One Title Many Roles

You've likely heard many of the analogies before to describe the role of project managerthe "captain" of the ship, the "conductor" of the orchestra, the "coach" of the team, the "catalyst" of the engine, and so on. There's truth and insight in each of the analogies, but each can be incomplete as well. To gain better understanding of what a project manager does, let's briefly discuss each of the key roles played by the project manager:

• Planner Ensures that the project is defined properly and completely for success, all stakeholders are engaged, work effort approach is determined, required resources are available when needed, and processes are in place to properly execute and control the project.

• Organizer Using work breakdown, estimating, and scheduling techniques, determines the complete work effort for the project, the proper sequence of the work activities, when the work will be accomplished, who will do the work, and how much the work will cost.

• "Point Man" Serves as the central point-of-contact for all oral and written project communications.

• Quartermaster Ensures the project has the resources, materials, and facilities it needs when it needs it.

• Facilitator Ensures that stakeholders and team members who come from different perspectives understand each other and work together to accomplish the project goals.

• Persuader Gains agreement from the stakeholders on project definition, success criteria, and approach; manages stakeholder expectations throughout the project while managing the competing demands of time, cost, and quality; gains agreement on resource decisions and issue resolution action steps.

• Problem-Solver Utilizes root-cause analysis process experience, prior project experiences, and technical knowledge to resolve unforeseen technical issues and to take any necessary corrective actions.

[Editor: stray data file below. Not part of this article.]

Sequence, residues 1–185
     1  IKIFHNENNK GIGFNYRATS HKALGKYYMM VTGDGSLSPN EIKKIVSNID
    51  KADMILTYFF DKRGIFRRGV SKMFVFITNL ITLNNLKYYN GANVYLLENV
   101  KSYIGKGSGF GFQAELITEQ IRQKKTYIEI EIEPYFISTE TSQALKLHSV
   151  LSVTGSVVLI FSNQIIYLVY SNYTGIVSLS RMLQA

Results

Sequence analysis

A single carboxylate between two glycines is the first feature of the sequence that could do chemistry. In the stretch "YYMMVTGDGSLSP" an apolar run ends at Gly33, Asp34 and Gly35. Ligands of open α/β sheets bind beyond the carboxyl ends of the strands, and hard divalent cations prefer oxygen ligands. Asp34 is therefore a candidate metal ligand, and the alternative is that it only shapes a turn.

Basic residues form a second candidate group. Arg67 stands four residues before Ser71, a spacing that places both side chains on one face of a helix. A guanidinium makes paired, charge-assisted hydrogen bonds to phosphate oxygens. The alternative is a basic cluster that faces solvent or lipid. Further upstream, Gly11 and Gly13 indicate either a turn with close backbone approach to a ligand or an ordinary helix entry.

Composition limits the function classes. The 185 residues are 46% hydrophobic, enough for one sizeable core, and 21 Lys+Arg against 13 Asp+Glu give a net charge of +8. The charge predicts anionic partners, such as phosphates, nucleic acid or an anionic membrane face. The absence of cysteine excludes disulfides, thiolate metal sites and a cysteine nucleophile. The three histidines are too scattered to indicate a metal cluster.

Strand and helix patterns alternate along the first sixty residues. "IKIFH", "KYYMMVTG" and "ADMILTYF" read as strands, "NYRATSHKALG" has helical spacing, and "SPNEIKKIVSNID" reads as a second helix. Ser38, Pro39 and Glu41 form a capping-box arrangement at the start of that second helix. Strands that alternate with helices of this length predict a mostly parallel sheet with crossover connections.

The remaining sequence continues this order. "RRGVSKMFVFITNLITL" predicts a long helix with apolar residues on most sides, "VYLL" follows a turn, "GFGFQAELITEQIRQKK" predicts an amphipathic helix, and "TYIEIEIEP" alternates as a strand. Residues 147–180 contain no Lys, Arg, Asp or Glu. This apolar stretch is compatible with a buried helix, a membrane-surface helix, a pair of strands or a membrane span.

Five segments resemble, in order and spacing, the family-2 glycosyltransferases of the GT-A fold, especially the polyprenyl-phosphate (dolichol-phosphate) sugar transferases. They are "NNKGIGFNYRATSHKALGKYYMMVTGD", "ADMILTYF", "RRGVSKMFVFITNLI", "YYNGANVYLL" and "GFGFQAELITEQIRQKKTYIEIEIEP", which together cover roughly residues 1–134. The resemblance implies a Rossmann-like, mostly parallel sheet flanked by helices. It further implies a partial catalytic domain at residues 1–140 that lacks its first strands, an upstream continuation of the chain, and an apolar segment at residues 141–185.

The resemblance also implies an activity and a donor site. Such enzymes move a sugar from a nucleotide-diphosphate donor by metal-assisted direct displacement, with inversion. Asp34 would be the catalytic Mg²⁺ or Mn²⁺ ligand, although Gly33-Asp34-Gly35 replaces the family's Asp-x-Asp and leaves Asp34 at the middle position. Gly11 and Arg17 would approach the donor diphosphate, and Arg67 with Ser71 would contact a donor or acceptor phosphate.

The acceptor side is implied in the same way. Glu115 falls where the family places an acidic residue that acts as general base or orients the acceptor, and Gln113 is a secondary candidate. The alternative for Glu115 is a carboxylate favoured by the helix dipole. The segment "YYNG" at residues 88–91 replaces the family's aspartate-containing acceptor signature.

• "The Umbrella" Works to shield the project team from the politics and "noise" surrounding the project, so they can stay focused and productive.

• Coach Determines and communicates the role each team member plays and the importance of that role to the project success; finds ways to motivate each team member; looks for ways to improve the skills of each team member; and provides constructive and timely feedback on individual performances.

• "The Bulldog" Performs the follow-up to ensure that commitments are maintained, issues are resolved, and action items are completed.

• Librarian Manages all information, communications, and documentation involved in the project.

• "Insurance Agent" Continuously works to identify risks and to develop responses to those risk events in advance.

• "The Police Officer" Consistently measures progress against the plan; develops corrective actions; reviews quality of both project processes and project deliverables.

• Salesman An extension of the Persuader and Coach roles, but this role is focused on "selling" the benefits of the project to the organization, serving as a "change agent," and inspiring team members to meet project goals and overcome project challenges.

While there is consensus that the disciplines and techniques used in project management can be applied in any industry, there is no consensus on whether individual project managers can be effective in a different industry.

There is no doubt that the more knowledge and experience that a project manager has in the subject matter area of the project, the more value that he/she can offer. However, depending on the size of the initiative and the team composition, a project manager with different industry experience can bring tremendous value if they are strong in the other four skill categories.



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